So, we all know that making an international move can be stressful (click here for more on that…).
But looking back I realise the thing that stressed me out the most was concern about my children. Are we doing the right thing? Will they be happy? Will they like their new school? Will they hate me forever for taking them away from their school/ friends/ grandparents and cousins?
With our first move I felt it the most. It wasn’t just the fact that we were moving. It was the fact that we were moving to Bangkok. This was not what I had been expecting. AT ALL. I couldn’t quite make it seem real: I was taking my two tiny girls from our sleepy little village in the English countryside and moving them to a 17th floor apartment in a crazy city of six million people, a city famous for it’s temples, temperatures…and sex trade. Was I really going to do that?
My worries just spiralled, seeming to acquire a life of their own. What if my girls fell off the balcony? What if they got Dengue fever? What if they fell into a street vendor’s pot of boiling oil? What if they got bitten by a rabid street dog? What if we end up living next door to a sex shop? How did those poor women end up working in a sex shop? …and before you know it I’m up half the night worrying about human trafficking and exploitation and world poverty as well as everything else.
At around this point my husband moved, three months ahead of us. Which was a good decision for lots of reasons. My sanity was not one of them.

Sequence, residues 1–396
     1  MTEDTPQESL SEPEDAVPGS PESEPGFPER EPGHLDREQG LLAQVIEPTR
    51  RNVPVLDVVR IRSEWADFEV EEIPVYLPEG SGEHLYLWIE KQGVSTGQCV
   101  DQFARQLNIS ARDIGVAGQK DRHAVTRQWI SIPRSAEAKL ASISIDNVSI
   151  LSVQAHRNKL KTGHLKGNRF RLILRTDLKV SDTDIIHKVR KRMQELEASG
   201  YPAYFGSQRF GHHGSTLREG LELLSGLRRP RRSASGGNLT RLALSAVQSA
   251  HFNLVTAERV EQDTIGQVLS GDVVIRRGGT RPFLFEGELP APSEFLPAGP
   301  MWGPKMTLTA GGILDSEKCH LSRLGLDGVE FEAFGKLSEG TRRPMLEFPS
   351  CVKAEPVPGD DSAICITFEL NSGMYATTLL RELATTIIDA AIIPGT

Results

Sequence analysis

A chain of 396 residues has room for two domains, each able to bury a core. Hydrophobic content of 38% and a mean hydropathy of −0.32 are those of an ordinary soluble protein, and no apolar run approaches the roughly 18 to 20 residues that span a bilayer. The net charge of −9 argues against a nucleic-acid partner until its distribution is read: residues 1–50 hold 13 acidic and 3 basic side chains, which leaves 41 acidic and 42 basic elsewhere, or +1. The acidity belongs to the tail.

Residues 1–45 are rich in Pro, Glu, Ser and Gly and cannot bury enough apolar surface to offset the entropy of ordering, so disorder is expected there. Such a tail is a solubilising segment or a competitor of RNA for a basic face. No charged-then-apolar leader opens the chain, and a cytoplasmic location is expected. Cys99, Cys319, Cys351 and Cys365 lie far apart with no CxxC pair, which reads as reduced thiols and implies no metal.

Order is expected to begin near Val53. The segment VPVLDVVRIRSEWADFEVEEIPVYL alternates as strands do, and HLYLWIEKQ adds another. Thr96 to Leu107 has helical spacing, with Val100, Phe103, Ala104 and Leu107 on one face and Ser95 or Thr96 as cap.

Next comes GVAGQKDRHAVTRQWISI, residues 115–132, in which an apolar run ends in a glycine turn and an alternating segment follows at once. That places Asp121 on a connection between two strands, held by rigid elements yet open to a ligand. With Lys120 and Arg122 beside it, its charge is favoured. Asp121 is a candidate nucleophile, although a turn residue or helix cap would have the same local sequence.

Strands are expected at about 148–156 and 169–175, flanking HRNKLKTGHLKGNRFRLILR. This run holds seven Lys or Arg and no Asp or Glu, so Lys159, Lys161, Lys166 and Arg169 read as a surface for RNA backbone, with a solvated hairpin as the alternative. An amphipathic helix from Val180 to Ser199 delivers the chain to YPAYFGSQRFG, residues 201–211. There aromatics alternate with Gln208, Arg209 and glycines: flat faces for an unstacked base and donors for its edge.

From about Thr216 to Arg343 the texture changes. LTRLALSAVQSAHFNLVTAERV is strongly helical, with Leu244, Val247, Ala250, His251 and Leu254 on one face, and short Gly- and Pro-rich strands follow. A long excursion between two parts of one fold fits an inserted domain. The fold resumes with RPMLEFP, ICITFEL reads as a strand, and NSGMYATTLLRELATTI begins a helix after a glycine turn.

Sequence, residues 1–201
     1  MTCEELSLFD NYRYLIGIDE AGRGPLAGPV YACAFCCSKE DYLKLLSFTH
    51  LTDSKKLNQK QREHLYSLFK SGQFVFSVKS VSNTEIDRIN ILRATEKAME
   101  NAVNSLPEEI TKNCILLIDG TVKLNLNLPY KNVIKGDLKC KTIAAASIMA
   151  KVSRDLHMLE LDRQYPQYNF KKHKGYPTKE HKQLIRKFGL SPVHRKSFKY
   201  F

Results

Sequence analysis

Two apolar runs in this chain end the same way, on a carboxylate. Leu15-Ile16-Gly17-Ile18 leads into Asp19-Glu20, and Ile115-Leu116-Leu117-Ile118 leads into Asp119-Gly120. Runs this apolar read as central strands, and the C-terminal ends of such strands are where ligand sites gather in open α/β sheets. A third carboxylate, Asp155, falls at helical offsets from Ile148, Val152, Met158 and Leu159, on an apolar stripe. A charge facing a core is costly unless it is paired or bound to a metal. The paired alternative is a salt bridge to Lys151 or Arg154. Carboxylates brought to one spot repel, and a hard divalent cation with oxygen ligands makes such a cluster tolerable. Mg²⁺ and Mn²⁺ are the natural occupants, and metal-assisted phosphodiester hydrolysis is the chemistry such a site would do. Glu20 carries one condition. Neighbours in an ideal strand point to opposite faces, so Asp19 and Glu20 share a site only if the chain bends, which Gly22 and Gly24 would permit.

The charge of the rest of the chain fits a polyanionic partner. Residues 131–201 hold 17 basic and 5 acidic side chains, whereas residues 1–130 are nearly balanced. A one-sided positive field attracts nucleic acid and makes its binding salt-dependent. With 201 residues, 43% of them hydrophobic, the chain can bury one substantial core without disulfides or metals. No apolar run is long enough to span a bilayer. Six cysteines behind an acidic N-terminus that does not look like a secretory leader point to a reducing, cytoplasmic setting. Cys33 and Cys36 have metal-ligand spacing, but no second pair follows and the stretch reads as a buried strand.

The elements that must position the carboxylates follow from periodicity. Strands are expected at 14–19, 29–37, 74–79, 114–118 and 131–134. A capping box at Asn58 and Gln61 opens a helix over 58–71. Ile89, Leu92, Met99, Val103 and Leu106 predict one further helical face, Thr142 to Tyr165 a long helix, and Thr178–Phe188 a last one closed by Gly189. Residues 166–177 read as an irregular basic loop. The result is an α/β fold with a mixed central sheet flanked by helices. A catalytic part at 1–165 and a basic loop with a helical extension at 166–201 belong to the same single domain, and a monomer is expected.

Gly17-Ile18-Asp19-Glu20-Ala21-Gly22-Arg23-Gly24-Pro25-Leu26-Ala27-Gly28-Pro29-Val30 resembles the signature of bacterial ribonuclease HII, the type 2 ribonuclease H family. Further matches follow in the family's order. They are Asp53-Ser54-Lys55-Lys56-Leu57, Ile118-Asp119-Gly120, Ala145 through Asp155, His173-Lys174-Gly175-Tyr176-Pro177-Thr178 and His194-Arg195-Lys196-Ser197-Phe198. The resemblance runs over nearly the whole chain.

You get the picture. I didn’t sleep well. I just couldn’t visualise how our lives would be in that ‘other’ place and my mind kept whizzing around trying to solve these problems (‘locks on the windows!’ ‘I’ll just carry them on the street!’ ‘I’ll buy them nothing but long sleeved shirts and pants to keep the mosquitoes away!’) and then coming up with more things to worry about. It was relentless and I was exhausted, and we hadn’t even moved yet!
And I don’t know about you, but the standard response I got from people when I voiced these concerns (ok, I just told people I was worried about the kids adjusting…I tended to leave the boiling oil/ rabid dog scenario out of the mix) was ’Don’t worry, kids are resilient’.
After doing two big moves and having seen countless friends go through the same thing, I’ve got to say, I don’t necessarily agree with this. Some kids are extremely resilient, just as some adults are. And some kids do not cope with change well, just as some adults don’t. To assume that kids will just bounce right in to a new country, home, school and not even notice the difference is to underestimate them. And here I think is the sticky patch. It’s easy to become so overwhelmed by worry and stress and all the infinite details of moving, that you can forget abut your how your kids are feeling – because kids are supposed to be so resilient, right?
We lived in Bangkok for nearly three years. No-one fell off the balcony, there were no accidents with boiling oil and we didn’t catch Dengue fever. We had the most amazing time, met lifelong friends and got to experience things I had never imagined.